Global CMMs use both static geometric and thermal error compensation techniques in order to achieve high accuracy and environmental flexibility. The method for compensation of static geometric errors consists of four main steps:
The Global error map is based on a general kinematic model of three nominally perpendicular axes. The purpose of this model is to calculate the combined effect of all the geometric errors of all axes on the position of the probe tip. This combined effect is the error correction that is added to the scale readings.
The corrections for granite bending and scale expansion and contraction described above are examples of thermal error compensation used in the Global design. Recall that thermal errors are changes in machine geometry caused by changes in the thermal environment. The effects of thermal errors on the location of the probe tip are identical to the effect of static geometric errors. The main difference is their root cause. Static geometric errors are a property of the completely assembled machine only. In principle they do not change over time. Therefore they can be captured at one point in time and stored in a data file.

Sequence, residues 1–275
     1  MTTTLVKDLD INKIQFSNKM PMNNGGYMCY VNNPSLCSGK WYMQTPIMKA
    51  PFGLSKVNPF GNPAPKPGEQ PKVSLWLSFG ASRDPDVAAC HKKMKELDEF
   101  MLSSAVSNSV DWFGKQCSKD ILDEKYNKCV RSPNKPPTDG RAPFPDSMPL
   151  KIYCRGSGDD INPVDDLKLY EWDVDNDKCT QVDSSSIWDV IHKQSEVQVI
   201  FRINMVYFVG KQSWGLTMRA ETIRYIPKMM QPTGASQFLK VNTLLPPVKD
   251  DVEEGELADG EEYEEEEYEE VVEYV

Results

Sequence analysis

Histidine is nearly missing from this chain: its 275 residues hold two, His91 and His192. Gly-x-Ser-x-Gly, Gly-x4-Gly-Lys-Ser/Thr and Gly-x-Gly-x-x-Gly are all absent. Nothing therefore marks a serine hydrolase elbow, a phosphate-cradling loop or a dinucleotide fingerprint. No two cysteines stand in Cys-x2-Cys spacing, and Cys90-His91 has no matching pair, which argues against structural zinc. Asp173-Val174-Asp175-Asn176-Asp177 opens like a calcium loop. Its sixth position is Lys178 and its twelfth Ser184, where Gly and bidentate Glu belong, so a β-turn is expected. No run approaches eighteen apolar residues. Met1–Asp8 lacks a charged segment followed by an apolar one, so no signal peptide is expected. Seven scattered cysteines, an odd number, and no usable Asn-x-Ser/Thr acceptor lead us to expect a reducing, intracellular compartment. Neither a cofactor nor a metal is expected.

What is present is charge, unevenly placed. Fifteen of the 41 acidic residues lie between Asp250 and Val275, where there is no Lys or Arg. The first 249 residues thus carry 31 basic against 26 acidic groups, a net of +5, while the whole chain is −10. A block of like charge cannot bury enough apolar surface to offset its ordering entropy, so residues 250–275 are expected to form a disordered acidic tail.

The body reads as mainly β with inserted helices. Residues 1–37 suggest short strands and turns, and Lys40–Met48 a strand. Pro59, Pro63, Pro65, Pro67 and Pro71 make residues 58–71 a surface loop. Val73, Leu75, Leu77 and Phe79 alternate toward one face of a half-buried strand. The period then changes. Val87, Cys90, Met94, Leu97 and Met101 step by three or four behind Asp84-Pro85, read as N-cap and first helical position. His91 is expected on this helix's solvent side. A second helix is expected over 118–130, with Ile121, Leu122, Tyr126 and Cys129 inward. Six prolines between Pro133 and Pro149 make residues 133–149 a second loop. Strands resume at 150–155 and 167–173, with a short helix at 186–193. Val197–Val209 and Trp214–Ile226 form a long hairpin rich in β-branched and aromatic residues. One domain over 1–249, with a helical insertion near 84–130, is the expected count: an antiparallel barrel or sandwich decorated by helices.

In contrast, thermal errors are a function of both the thermal environment and the machine's thermal response. These errors change constantly unless the machine is located in a tightly temperature controlled environment. In order to calculate the effects of the thermal errors on the location of the probe tip we need a temperature model that characterizes the machine thermal behavior as well as input values that characterize the thermal environment. The input values are machine surface temperatures measured by temperature sensors at various locations on the machine.
Although some models use more sensors, most Global models use eleven temperature sensors placed throughout the structure: two sensors per axis to compensate for linear expansion and contraction of the scales, four sensors on the granite (two on the top and two on the bottom) to compensate for granite bending, and one on the part being measured.
In summary, the design of the modern CMM includes tradeoffs involving accuracy, throughput, and environmental flexibility to name a few of the most important parameters. By making intelligent design decisions involving the selection and application of the appropriate materials and taking full advantage of software error compensation, today's CMM designer can balance CMM design parameters to provide real-world metrology solutions.
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